Tackling Moss in Lawns

What is Moss?

Moss comes in all sorts of varieties, but tends to be dense green/yellow tuffs forming in between grasses and it isn’t really appreciated by gardeners! If you are laying a new lawn, good ground and soil preparation will help to reduce moss from becoming a problem. If it is in an existing lawn, the following tips should help to tackle it.


  • Moss Killer – There are lots of different moss killers available which you can find in most garden centres. Choose a combined moss killer and lawn feed, so as the moss dies away the grasses are strong enough to take over.
  • Scarification – After using a moss killer, the moss should turn a brown colour. Once this has happened, scarify the lawn to remove all the dead moss so that the grasses can spread into the free space.
  • Feeding and Seeding – Keep your lawn well fed and healthy so it can compete with the moss. Over seed sparse areas in the spring and following scarification to avoid moss taking hold again.

Tackling the Cause

The methods above will help to reduce the problem but moss is likely to come back if the actual cause of the problem is not looked at. To try and tackle the problem properly to help reduce moss growth in the long term, start by identifying the cause of the problem. This can include the following:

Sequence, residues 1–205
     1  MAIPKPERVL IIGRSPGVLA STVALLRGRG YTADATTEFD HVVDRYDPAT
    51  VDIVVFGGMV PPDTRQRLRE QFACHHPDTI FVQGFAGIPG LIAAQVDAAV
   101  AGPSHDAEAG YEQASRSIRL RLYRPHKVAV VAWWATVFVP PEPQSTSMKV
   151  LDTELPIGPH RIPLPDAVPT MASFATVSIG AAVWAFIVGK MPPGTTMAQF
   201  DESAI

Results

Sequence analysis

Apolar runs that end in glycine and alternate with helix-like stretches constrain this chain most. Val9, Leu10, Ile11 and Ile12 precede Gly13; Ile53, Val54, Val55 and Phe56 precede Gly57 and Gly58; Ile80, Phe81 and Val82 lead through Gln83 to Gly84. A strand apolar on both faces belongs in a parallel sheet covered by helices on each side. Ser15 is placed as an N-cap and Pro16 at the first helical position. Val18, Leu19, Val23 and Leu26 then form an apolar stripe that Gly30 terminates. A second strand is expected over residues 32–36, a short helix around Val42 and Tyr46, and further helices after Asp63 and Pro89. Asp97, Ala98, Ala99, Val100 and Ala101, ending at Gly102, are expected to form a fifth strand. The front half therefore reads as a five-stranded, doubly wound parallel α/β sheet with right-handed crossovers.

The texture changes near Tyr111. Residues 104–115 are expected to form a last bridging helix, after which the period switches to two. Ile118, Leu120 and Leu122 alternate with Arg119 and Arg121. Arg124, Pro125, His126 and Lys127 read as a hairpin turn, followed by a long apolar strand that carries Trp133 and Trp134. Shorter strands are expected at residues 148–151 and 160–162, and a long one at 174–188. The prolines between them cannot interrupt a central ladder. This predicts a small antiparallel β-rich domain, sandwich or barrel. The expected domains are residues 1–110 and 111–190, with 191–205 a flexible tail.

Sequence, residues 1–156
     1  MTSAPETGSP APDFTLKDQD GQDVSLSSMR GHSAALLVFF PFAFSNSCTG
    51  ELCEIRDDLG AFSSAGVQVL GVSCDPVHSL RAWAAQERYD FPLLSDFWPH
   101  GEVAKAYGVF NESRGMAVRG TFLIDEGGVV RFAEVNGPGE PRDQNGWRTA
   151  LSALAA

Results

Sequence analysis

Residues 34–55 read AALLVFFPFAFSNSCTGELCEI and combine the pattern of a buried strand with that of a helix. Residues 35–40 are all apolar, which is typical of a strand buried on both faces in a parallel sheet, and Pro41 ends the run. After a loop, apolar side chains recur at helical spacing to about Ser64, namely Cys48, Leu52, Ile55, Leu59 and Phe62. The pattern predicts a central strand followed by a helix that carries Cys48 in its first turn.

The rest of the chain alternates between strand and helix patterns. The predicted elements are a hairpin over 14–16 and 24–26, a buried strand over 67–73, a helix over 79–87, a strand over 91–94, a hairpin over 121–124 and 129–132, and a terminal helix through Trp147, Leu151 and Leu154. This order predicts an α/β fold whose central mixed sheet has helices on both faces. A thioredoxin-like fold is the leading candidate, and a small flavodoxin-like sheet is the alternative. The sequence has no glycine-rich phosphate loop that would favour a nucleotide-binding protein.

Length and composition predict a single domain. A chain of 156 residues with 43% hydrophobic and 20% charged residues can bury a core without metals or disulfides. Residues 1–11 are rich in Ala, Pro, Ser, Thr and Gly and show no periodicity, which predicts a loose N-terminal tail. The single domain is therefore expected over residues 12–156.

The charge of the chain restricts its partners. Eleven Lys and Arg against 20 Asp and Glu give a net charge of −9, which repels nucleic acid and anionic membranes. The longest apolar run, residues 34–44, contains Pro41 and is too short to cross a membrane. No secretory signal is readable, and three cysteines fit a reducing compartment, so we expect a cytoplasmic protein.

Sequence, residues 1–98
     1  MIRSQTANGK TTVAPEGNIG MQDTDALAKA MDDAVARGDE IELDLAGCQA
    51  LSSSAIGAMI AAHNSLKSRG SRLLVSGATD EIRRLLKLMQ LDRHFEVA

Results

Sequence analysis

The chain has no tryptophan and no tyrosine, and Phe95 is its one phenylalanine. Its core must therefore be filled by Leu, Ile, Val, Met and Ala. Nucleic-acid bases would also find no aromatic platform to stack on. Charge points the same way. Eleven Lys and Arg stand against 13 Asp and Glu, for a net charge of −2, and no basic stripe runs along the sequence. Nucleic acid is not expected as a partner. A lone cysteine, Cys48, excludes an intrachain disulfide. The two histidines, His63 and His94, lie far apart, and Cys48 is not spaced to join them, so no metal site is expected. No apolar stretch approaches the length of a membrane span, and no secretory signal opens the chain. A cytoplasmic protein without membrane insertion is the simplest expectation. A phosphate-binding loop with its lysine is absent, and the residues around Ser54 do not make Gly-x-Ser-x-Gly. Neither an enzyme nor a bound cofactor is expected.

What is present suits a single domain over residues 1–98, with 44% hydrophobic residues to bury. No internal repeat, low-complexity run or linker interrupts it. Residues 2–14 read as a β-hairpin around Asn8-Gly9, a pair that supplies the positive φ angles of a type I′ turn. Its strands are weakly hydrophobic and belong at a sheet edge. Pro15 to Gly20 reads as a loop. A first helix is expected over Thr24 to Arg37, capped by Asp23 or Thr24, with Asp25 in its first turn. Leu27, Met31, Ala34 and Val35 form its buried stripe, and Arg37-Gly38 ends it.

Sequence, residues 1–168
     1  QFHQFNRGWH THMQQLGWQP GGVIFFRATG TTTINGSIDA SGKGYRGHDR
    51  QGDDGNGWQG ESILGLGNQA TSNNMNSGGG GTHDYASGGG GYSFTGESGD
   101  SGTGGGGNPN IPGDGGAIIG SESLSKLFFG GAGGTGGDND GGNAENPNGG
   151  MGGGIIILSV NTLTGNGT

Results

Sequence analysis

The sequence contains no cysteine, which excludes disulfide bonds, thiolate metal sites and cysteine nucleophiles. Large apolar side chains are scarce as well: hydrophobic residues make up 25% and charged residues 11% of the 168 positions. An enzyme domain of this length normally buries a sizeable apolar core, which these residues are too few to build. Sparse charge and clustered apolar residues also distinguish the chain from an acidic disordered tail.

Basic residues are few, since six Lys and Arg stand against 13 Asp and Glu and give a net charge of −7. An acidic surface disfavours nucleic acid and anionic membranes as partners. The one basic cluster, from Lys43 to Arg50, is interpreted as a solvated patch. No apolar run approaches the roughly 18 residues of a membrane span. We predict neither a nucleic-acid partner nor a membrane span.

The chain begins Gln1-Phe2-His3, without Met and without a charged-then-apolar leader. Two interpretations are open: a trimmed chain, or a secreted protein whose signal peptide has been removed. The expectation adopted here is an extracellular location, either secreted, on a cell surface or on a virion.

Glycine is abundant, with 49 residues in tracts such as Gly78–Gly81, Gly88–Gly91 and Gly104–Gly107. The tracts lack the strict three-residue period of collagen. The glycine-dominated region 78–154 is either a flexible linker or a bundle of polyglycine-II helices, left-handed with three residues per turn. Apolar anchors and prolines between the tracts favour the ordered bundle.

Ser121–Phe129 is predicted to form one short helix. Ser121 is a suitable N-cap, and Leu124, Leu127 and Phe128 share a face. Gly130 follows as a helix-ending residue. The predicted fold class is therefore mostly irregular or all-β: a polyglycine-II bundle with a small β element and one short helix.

• Waterlogging – While grass can struggle in very wet conditions, moss can take advantage of this and thrive. Improve drainage with the addition of organic matter if you are preparing an area for a new lawn, or by aerating an existing lawn.
  • Acidic soil – Mosses can grow in most soils but acidic soil is their favourite. If you think this could well be a cause in your garden, you may want to think about buying a pH testing kit and adding some lime into the soil if it is the case.
  • Poor Feeding – Moss will start to dominate if your grass becomes weak. Keep it well fed to help avoid moss developing in weaker areas.
  • Mowing grass too short – this will weaken your lawn and allow moss to take over. Avoid cutting more than one third of the length of the blades of grass off in one cut.
  • Compaction – Moss can be a sign that your ground is compact and lacking organic matter. Try to improve your soil by turning it over and mixing in organic matter such as organic compost if you are laying a new lawn, or aerate your existing lawn to relive compaction. More details on how to do this can be found in our aeration blog.

By keeping your lawn well maintained making it strong and healthy, moss will struggle to compete allowing the grasses to dominate. As soon as a lawn becomes weaker, this is when mosses will take the opportunity to take hold and spread. Tackling moss in lawns isn’t that difficult so follow our tips and keep your lawn well looked after. Moss will struggle to cause a problem again!

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